Sunday, August 28, 2022

                                    Blog #126  Healthful Sleep


Years ago, I learned about a sleep position developed in China centuries ago.  One of my teachers showed his class this, and over the years my respect has increased for this sleep position and for the people who developed it.  This position, which I will refer to as OQS (Optimal Qi Flow) is simple, yet detailed and its explanation can range from superficial to profound.  I will aim for the middle ground.  If you are unable to sleep on your right side due to an injury or other health issue, then OQF is not for you.  Most people will be able to sleep this way, and over time, they will get used to it and even come to regard it as an excellent way to obtain restful sleep.  


The sleeper lies on the right side, with or without a pillow under the head.  If they have a pillow, it should be small and fairly flat.  The right hand cups the right ear, thumb behind the ear and the rest of the fingers in front.  The open palm gently supports the head.  This position takes some weight off the right shoulder.  The bottom leg is fairly straight, but the knee is slightly bent.  The left leg, which is placed on top of the right, is bent considerably more.  If possible, the left foot is tucked into the bend of the right knee.  The left arm rests on the torso, with two possible positions for the hand.  Either the open palm is placed just below the navel – that is, between the navel and the pelvic area – or a very loose fist rests on the outer left thigh.  Ideally, breathing is through the nose.  The mind can welcome positive, protective thoughts and inspiration, or it can be empty, whatever is most natural and restful for the sleeper.  If the person shifts position, that is fine, but because of the beneficial aspects of OQF, they may grow to naturally maintain this position for much or all of the night.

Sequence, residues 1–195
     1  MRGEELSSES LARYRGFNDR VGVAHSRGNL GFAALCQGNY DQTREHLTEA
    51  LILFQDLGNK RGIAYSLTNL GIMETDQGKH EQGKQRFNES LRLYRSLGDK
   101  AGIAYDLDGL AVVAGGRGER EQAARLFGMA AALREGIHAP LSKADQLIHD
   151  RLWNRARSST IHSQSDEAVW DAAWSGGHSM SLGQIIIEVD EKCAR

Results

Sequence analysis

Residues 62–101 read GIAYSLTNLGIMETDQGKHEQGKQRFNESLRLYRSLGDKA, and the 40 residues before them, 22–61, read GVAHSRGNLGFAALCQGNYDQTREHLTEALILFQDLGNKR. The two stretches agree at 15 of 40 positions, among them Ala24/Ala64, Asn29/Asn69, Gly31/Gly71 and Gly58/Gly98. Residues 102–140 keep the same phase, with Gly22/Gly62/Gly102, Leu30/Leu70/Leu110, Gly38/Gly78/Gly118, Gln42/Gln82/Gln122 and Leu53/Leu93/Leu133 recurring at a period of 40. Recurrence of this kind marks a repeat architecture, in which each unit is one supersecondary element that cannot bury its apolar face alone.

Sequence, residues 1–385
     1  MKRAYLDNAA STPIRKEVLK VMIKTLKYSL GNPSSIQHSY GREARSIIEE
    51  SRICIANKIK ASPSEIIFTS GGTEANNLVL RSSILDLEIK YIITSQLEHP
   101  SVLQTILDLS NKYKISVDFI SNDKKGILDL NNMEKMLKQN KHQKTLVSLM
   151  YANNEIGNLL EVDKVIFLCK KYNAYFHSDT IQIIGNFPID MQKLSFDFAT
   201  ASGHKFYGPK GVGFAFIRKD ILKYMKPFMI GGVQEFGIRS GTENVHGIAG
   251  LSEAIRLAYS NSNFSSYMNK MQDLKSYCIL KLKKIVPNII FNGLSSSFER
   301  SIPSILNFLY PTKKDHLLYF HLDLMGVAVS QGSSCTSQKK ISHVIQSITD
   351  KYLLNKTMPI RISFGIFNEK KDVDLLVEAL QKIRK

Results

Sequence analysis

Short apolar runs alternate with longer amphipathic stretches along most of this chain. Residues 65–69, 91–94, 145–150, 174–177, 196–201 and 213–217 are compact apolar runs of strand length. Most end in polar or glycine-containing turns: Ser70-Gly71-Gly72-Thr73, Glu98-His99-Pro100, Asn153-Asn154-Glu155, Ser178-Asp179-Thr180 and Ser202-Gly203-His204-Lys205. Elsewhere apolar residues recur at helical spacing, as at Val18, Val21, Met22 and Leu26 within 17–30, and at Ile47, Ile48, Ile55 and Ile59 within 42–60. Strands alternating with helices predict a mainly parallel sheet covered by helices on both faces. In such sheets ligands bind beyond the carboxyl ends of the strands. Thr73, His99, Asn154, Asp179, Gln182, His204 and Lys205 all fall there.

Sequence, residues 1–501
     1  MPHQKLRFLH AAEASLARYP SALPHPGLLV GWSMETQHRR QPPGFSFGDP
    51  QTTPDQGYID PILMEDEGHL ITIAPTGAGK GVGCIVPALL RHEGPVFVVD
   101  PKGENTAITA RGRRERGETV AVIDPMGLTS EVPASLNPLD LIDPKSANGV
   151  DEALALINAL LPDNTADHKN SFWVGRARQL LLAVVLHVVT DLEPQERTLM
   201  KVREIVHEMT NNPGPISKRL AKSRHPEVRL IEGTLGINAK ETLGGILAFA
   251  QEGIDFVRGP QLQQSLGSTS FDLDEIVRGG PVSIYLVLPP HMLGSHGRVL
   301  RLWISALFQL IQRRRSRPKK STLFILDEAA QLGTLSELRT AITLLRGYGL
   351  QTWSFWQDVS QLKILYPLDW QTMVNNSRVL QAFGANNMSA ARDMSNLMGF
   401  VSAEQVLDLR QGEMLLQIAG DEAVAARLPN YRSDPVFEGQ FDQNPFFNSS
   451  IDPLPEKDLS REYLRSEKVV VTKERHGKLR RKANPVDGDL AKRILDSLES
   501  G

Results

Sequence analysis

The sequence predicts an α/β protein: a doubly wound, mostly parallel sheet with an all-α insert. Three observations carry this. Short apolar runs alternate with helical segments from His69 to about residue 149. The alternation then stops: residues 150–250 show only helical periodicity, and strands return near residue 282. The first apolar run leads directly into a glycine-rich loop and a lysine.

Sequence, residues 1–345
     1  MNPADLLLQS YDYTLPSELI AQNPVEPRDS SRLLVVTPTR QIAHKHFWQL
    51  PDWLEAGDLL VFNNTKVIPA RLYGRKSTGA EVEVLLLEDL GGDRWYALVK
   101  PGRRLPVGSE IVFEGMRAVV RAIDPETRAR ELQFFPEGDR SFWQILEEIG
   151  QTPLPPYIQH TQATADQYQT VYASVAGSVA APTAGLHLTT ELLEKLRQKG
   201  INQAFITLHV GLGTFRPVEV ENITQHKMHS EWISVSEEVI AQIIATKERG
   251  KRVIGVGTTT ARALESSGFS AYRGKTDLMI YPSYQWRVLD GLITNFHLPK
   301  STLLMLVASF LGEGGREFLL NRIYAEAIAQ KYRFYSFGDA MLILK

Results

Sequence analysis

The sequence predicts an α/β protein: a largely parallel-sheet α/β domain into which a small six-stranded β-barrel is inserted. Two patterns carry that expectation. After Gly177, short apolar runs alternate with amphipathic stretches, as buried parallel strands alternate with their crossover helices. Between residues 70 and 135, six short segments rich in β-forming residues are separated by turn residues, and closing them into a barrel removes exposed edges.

Many Acupuncture meridians run along and through the body.  OQF works with two of these channels – the Gall Bladder channel (a Yang channel) and the Conception Vessel (CV) extraordinary channel (Yin channel).  The extremely Yang Gall Bladder (GB) channel runs on the right and left sides of the body (it is bilateral) and circles the ear, runs along side of the head and parts of the face, runs to the upper trapezius (uppermost back), moves down the side of the body, travels slightly to the front of the body, including some middle and lower areas on the ribcage, then on to the anterior pelvic bone, that is, the iliac bone.  Then the GB channel continues downward, to the hip and gluteal area, the lateral thigh, down the lateral leg to the ankle and foot, ending at the lateral aspect of the fourth toe, at the toenail.  Gall Bladder (Yang) and Liver (Yin) channels are paired, with each performing many functions, including the GB’s receiving and removing stress (and bile) away from the liver (LV).  An over-active, fatty or toxic liver is notorious for interfering with sleep.  Among the LV’s many functions are helping feel and release the emotions and their related hormones and other chemicals, especially from the emotions of anger and frustration.  Keeping energy (Qi) flow smooth and regular helps relieve digestive, musculoskeletal and emotional stress and induces physical relaxation.  This is especially true for GB Qi flow.  The CV channel can help move Yang Qi down from the top of the head, where energy is most Yang and active and stress-inducing into the lower body, which is more Yin.  It also can help move Yin energy from the lower body into the upper body, especially the head, the most Yang area, and this action is not always helpful.  The Conception Vessel begins in the perineum and travels upward, past the pelvic area and stays in the body’s midline.  It ends just below the lower lip.  There is only one CV, located on the body’s frontal midline.  The CV is paired with the Governing Vessel (GV), which starts at the tip of the tailbone (coccyx), runs up the spine, traverses the scalp, and ends at the gum just below the upper lip.  This channel is very Yang.  A healthy Qi flow through these two channels helps contribute to fertility, calmness, vitality and overall good health.  One of the possible OQF left hand positions is located on the CV, just below the navel.  The other option is on the lateral thigh, where the GB meridian travels.  The front of the body, including the palms is Yin and the back of the body, including the back of the hands is Yang in nature.